- SideStep — Mac OS X program that automatically routes connections through a secure proxy when you’re on an unsecured wifi network. (via Gina Trapani)
- Junkyard Jumbotron (MIT) — lets you take a bunch of random displays and instantly stitch them together into a large, virtual display, simply by taking a photograph of them. It works with laptops, smartphones, tablets — anything that runs a web browser. It also highlights a new way of connecting a large number of heterogenous devices to each other in the field, on an ad-hoc basis.
- Kinect-Controlled Tesla Coil (YouTube) — “now say: Fools, I’ll Destroy You All!”. (via AdaFruit)
Recent moves by Apple and Google could ignite the external accessories space.
While you'll likely interact with your smartphone tomorrow in much the same way you interacted with it today, it's quite possible that your smartphone will interact with the world in a very different way. The next mobile war has already begun.
Access to data and tools is putting scientific exploration into anyone's hands.
How can opening access to scientific data, equipment and lab space spur innovation? BioCurious' Eri Gentry and Ariel Waldman from Spacehack.org share a few ideas.
Maker Faire Detroit will be held July 30 and 31
In our second Detroit Maker Faire we're able to see all kinds of examples of how makers have become resources for the community, contributing in Detroit and the region.
The maker movement's many entry points create a welcoming environment for tech education.
The maker movement offers an appealing invitation to technology for a broad audience that includes both women and men, seniors and children, technologists and artists.
An errand car and a ball-shaped 'bot illustrate Maker Faire's robotic diversity.
In advance of the upcoming Maker Faire Bay Area, here's a look at two vastly different robotics projects: one aims to change the world while the other wants to roll around (and inspire some healthy creativity).
Twitter Numbers, Online News, Emotional Complexity, and Making Described
- Twitter Numbers — growing at half a million accounts a day (how many are spammers, d’ya think?), over 140M tweets sent each day.
- Online vs Newspaper News (Mashable) — The Poynter Institute, a landmark of American journalism research, has determined that as of the end of 2010, more people get their news from the Internet than from newspapers — and more ad dollars went to online outlets than to newspapers, too. (via Sacha Judd)
- Blue Lacuna: Lessons Learned Writing the World’s Longest Interactive Fiction (PDF) — While I felt Progue was largely a success, the extreme complexity of the character’s code made difficulties with him both intensely difficult to diagnose and repair, and failures all the more mimesis-breaking for an engaged audience. In addition, the subtle text substitutions and altered behaviors provided in many cases too opaque a window into Progue’s interior workings. From informal interviews and published reviews I gathered that players could often not tell which conversation responses might cause Progue to become more submissive, paternal, and so on. In many cases, the change was not noticeable at all, and did not successfully indicate to players that their actions had had an eect on the character. More mechanisms to let the player shape their relationship with Progue more directly might have created a stronger feeling of agency for players, and an increased ability to shape the story more to their liking. Lessons for people designing complex emotional states into their products. (via Zack Urlocker)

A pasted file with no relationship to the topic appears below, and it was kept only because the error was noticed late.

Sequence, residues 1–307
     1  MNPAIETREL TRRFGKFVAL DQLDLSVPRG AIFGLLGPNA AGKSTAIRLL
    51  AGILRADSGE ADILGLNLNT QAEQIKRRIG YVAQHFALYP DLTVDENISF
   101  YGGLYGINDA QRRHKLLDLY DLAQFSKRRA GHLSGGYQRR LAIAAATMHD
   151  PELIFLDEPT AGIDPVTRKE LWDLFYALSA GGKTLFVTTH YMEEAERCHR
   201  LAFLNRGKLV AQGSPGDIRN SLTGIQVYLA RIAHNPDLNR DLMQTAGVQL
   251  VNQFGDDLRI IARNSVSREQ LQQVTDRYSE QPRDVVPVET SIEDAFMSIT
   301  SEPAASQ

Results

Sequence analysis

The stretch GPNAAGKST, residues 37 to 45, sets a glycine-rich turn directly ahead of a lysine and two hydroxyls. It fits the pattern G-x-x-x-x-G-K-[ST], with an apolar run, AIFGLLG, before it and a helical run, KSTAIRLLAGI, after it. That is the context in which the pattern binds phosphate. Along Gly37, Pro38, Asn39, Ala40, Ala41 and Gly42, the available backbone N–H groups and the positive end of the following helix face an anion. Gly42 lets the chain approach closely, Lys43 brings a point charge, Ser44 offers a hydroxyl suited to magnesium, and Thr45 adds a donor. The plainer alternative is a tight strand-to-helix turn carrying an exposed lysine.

- From Head to Hand (Slate) — I was searching for the place where someone, anyone, writes about that epiphany where you see what you have made and it is different from what you had conceived. I was searching for a description of how an object can displace a bit of the world. I was avid. I wanted someone to write a description of Homo faber, the maker of things. I wanted a story of making told without the penumbra of romanticising how hard it is, without nostalgia.
The first challenge: create kits that can be built in a classroom and sent on-board suborbital flights.
If you are fascinated by space, it's a great time for you to be able to do something as a maker and make a real contribution. Makers can now participate in a new kind of space program, one that expands beyond NASA to include commercial space collaboration.
RSS Dashboard, Hardware Filesharing, Making is Learning, and Revenue/Customer
- NiftyUrls — open source elegant wee RSS dashboard. I haven’t looked into the source yet, but I’m already thinking of applications.
- The PirateBox — small piece of hardware that creates a wifi network for local filesharing. Not connected to the Internet. (via BoingBoing)
- More Hammer, Less Yammer (Julian Bleecker) — If you’re not also making — you’re sort of, well..basically you’re not doing much at all. You’ve only done a rough sketch of an idea if you’ve only talked about it and didn’t do the iteration through making, then back to thinking and through again to talking and discussing and sharing all the degrees of material — idea, discussions, conversations, make some props, bring those to the discussion, repeat. Why O’Reilly prefers makers to fakers.
- Revenue per Unique Visitor (BusinessInsider) — Amazon makes $189/user, Google $24/user, Yahoo! $8/user, Facebook $4/user. (via Greg Linden)